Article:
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Sony Hardware Hacking PlayStation (Games) Games Build

Sony Releases PS3 Firmware Update To Fight Jailbreaks 336

RyuuzakiTetsuya writes "Destructoid is reporting that the 3.42 firmware has been released for the PlayStation 3, and it has fixed the USB vulnerability that allows the PSJailbreak exploit to work." Sony's brief announcement of the update refers only to "additional security features," though the EU blog post acknowledges that a vulnerability was addressed. confirms that the patch is effective against the various jailbreak tools, and they point out a different tool for bypassing the update. Sony told the BBC, "... as we always have, we will continue to take necessary actions to both hardware and software to protect the intellectual content provided on the PlayStation 3."
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Sony Releases PS3 Firmware Update To Fight Jailbreaks

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  • by Hatta ( 162192 ) on Tuesday September 07, 2010 @03:10PM (#33500840) Journal

    It took them long enough to break the old firmware. There's no reason to assume that breaking the new firmware will be any better.

  • by Anonymous Coward on Tuesday September 07, 2010 @03:29PM (#33501136)
    The crack broke the PS3 wide open - completely. Those cracked PS3s can have their code read - and they can lie to Sony about their firmware version. Sony really has lost - it's you that doesn't understand.
  • Kudos (Score:3, Interesting)

    by Is0m0rph ( 819726 ) on Tuesday September 07, 2010 @03:35PM (#33501226)
    While I can't stand Sony and wouldn't own a PS3 at least they quickly tackled this. Playing Modern Warfare 2 on the Xbox 360 with all the JTAGed Xboxes running rampant hacking public games on Xbox Live while MS does nothing hasn't been fun this year.
  • The most obvious reason to develop for a home console in this day and age is money. Quite simply, video games on consoles outsell games on PCs by a very wide margin. With the video game market poised to top $10 billion in the US alone this year, it should be fairly obvious why a developer would choose to develop for consoles instead of the PC - sales are higher than on PC, piracy is almost nonexistent compared to PCs, and consoles are both more popular and visible as gaming devices than PCs. You can argue that everybody plays Flash games on PCs and that the PC gaming market is larger than the console market, but I would argue that for people who actually pay money to play video games, consoles are the go-to destination. Some developers are unconcerned with programming as a political statement and just want to develop something that will pay the bills.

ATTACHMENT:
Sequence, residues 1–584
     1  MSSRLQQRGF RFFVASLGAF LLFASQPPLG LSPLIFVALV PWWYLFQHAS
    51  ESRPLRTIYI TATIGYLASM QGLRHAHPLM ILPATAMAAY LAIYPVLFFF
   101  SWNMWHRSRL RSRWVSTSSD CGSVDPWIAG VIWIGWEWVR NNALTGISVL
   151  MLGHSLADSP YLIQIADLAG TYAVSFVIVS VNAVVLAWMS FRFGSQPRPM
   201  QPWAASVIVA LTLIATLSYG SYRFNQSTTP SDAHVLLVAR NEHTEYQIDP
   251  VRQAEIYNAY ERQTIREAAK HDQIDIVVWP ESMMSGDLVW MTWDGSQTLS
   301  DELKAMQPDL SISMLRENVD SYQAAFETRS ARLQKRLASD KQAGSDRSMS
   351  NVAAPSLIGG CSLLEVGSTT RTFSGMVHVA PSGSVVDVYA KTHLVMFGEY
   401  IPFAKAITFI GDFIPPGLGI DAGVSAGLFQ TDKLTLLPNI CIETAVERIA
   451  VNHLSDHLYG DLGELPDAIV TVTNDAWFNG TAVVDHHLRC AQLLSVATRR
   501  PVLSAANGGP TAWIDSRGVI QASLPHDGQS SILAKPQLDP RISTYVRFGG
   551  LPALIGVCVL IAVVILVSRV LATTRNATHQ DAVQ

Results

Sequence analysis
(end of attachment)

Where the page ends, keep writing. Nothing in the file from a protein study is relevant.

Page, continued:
• by bami ( 1376931 ) on Tuesday September 07, 2010 @04:04PM (#33501578) Homepage

    What you describe is pretty much what XNA is all about.

    100$/year access to run code on the machine (with full access to 5 of the 6 cores, and full access to the graphics card), you can privatly publish to your own xbox to test stuff, and it's community approved for placement in the Indie Marketplace where you can sell your stuff, which will only be denied if you either have serious bugs (bug handling is okay, as long as the machine doesnt crash or display some random error message), and you can't do certain things like have a game where avatars have sex or something of that nature.

    Only downside is that you can't set the price for your stuff to 0, it has to be a minimum of either 60 or 80 MS Points (can't remember exactly).

  • by Anonymous Coward on Tuesday September 07, 2010 @04:09PM (#33501662)

    The problem with that is that the hole that was found was a software hole. Having opened the system the hackers can easily look for software holes in the existing firmware but not future ones. Each time Sony does an update the hackers have to reveal a hole they've found if they wish to allow people to jailbreak that firmware. Sony have plenty of experience in this from the PSP, there have been many periods during which up-to-date systems could not be jailbroken. They have the added bonus this time that the average PS3 is nearly always connected to PSN and Joe Average is very likely to move to the newest firmware as soon as possible.

    The hardware is fairly solid I would say given that after so many years there still isn't a hardware mod-chip, it's not like no one would have been trying.

  • by Anonymous Coward on Tuesday September 07, 2010 @04:12PM (#33501710)

    I would not call the DS scene as "thriving"... there had been no good new homebrew apps or updates since more than 3 years :(

  • by IamTheRealMike ( 537420 ) on Tuesday September 07, 2010 @05:31PM (#33502676)

    Sony haven't lost. The Xbox 360 has suffered from similar attacks and demonstrated that online patching works. Very few people bothered to perform the hacks during the short time windows in which they worked and even fewer bothered to keep them hacked rather than upgrade or play new games (which require upgrades). The result is that actually finding an Xbox that is still attackable is a heck of a lot easier said than done.

    Some people who follow tech news closely will choose to step off the PS3 train at this point and take the ability to play pirated games released up to this point over the online services, multiplayer and new games. Chances are, most people won't.

  • by Schadrach ( 1042952 ) on Tuesday September 07, 2010 @05:59PM (#33503050)

    The thing is that while your biggest *market* for a hack to run arbitrary code is always piracy, the producers of the same also tend to be homebrew/tinkerer types. Accordingly, guess what language the hack's distribution is crouched in?